To make your app work with on Ethereum, you can use the web3 object provided by the web3.js library . Under the hood it communicates to a local node through RPC calls . web3.js works with AlethZero, geth and Mist, and also in an external browser if one of the former nodes are running locally. web3 contains the eth object - web3.eth (for specifically Ethereum blockchain interactions) and the shh object - web3.shh (for Whisper interaction). Over time we'll introduce other objects for each of the other web3 protocols. As this API is designed to work with a local RPC node and all its functions are by default use synchronous HTTP requests. If you want to make asynchronous request, you can pass an optional callback as the last parameter to most functions.All callbacks are using an error first callback style: web3.eth.getBlock(48, function(error, result){ if(!error) console.log(result) else console.error(error);}) You will always get a BigNumber object for balance values as JavaScript is not able to handle big numbers correctly.Look at the following examples: "101010100324325345346456456456456456456"// "101010100324325345346456456456456456456"101010100324325345346456456456456456456// 1.0101010032432535e+38 web3.js depends on the BigNumber Library and adds it automatically. var balance = new BigNumber('131242344353464564564574574567456');// or var balance = web3.eth.getBalance(someAddress);balance.plus(21).toString(10); // toString(10) converts it to a number string// "131242344353464564564574574567477" The next example wouldn't work as we have more than 20 floating points, therefore it is recommended to keep you balance always in wei and only transform it to other units when presenting to the user: var balance = new BigNumber('13124.234435346456466666457455567456');balance.pl Continue reading >>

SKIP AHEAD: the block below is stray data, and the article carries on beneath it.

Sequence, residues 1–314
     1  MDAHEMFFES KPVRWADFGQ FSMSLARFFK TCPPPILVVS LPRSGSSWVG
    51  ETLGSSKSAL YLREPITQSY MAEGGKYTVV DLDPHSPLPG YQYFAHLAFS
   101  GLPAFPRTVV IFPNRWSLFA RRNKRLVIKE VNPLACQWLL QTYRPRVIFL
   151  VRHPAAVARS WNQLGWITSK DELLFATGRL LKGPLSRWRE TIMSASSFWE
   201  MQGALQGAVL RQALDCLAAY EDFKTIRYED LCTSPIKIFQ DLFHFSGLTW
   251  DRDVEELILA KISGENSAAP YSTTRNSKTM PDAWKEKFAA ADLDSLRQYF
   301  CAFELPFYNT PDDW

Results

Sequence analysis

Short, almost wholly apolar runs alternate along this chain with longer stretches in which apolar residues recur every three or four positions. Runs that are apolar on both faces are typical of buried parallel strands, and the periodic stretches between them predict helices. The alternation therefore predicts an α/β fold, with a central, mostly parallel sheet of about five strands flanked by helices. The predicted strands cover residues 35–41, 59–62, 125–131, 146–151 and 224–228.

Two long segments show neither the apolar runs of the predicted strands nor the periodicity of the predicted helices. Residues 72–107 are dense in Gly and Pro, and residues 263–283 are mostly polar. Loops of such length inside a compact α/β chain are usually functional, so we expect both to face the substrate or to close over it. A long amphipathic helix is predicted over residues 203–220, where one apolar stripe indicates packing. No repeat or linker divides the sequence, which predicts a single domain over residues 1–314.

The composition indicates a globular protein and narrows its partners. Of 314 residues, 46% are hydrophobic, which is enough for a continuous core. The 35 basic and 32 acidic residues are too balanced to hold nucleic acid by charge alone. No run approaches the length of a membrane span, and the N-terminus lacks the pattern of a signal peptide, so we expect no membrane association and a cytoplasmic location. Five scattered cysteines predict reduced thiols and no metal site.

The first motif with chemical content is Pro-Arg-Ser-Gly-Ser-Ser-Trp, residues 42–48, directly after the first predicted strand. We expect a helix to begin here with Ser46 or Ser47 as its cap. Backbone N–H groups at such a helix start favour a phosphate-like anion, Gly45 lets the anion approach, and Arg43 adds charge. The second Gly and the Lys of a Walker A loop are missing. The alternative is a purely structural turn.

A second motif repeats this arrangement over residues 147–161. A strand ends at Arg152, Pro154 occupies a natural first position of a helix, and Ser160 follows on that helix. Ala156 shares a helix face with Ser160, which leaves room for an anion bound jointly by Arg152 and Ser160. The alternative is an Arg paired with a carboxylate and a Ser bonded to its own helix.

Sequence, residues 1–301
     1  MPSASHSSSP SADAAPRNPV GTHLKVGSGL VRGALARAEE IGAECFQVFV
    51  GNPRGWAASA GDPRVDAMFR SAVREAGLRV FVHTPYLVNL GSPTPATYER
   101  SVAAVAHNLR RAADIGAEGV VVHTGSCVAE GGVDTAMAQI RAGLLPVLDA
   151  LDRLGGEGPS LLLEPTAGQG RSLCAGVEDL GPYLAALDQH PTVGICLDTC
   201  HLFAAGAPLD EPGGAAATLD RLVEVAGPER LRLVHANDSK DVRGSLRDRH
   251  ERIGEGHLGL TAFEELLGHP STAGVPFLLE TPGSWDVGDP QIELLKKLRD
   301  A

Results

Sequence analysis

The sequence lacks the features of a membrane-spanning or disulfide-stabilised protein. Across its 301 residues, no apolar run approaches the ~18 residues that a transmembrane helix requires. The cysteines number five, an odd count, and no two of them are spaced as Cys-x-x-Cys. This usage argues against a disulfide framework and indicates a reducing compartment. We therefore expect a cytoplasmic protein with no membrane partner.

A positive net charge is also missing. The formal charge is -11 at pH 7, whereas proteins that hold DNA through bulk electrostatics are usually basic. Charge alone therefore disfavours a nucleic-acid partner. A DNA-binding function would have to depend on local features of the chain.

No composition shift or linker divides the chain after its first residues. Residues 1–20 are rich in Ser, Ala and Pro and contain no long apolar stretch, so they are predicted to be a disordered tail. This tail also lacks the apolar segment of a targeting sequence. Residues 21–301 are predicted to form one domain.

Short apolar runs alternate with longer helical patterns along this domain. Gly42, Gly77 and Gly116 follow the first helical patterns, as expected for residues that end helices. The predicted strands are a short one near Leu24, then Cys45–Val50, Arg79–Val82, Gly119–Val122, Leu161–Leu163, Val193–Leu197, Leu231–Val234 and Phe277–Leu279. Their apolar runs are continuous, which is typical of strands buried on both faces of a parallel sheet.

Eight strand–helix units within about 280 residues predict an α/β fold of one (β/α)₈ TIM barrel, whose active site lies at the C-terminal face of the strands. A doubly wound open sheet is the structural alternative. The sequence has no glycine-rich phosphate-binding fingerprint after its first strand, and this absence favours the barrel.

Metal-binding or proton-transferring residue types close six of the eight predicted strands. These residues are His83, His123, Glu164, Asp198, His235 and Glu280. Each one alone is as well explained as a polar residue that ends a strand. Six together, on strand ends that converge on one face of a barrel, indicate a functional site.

Blockchain: Managing The Blockchain

Blockchain: Managing The Blockchain

[ Back ] With the Web3.js Javascript API, along with other APIs, we can use Javascript to interact with our blockchain. We can see when we attach to our blockchain service that we have APIs such as admin, eth and miner: C:\Program Files\Geth> geth attachWelcome to the Geth JavaScript console!instance: Geth/v1.6.6-stable-10a45cb5/windows-amd64/go1.8.3coinbase: 0xc7552f45deb093cafb47286a0bc9415845ca3735at block: 5181 (Sat, 01 Jul 2017 17:00:48 BST) datadir: d:\eth modules: admin:1.0 debug:1.0 eth:1.0 miner:1.0 net:1.0 personal:1.0 rpc:1.0 txpool:1.0 web3:1.0 First let's look at the admin JavaScript API: Next let's look at the personal JavaScript API: > personal.listAccounts["0xc7552f45deb093cafb47286a0bc9415845ca3735", "0x0851db3e133a15cd1c32531ffff96b4526e3cbcd"]> personal.newAccount('Password')"0xe9d07dcfea16a68bba57ad026ac2cdb65f77eae3"> personal.listAccounts["0xc7552f45deb093cafb47286a0bc9415845ca3735", "0x0851db3e133a15cd1c32531ffff96b4526e3cbcd", "0xe9d07dcfea16a68bba57ad026ac2cdb65f77eae3"]> personal.unlockAccount('0xc7552f45deb093cafb47286a0bc9415845ca3735','Qwerty')true > web3.version.api"0.18.1"> web3.version.node"Geth/v1.6.6-stable-10a45cb5/windows-amd64/go1.8.3"> web3.version.network"1"> web3.version.ethereum"0x3f"> web3.sha3("hello")"0x1c8aff950685c2ed4bc3174f3472287b56d9517b9c948127319a09a7a36deac8" In Ethereum we use Kecca-256 (pronouced as "Ket-chak") for our hashing function. We can try and test [ here ]. Now, let's look at some more properties and functions of the Web3 API: > web3.toHex("Hello")"0x48656c6c6f"> web3.toAscii("0x68656c6c6f")"hello"> web3.toDecimal("0x1234")4660> web3.fromDecimal(4660)"0x1234"> web3.fromWei(eth.getBalance(eth.accounts[0]), "ether")25905.288230376151511744> web3.toWei(0.01, "ether")"10000000000000000"> web3.toBigNumber(10000 Continue reading >>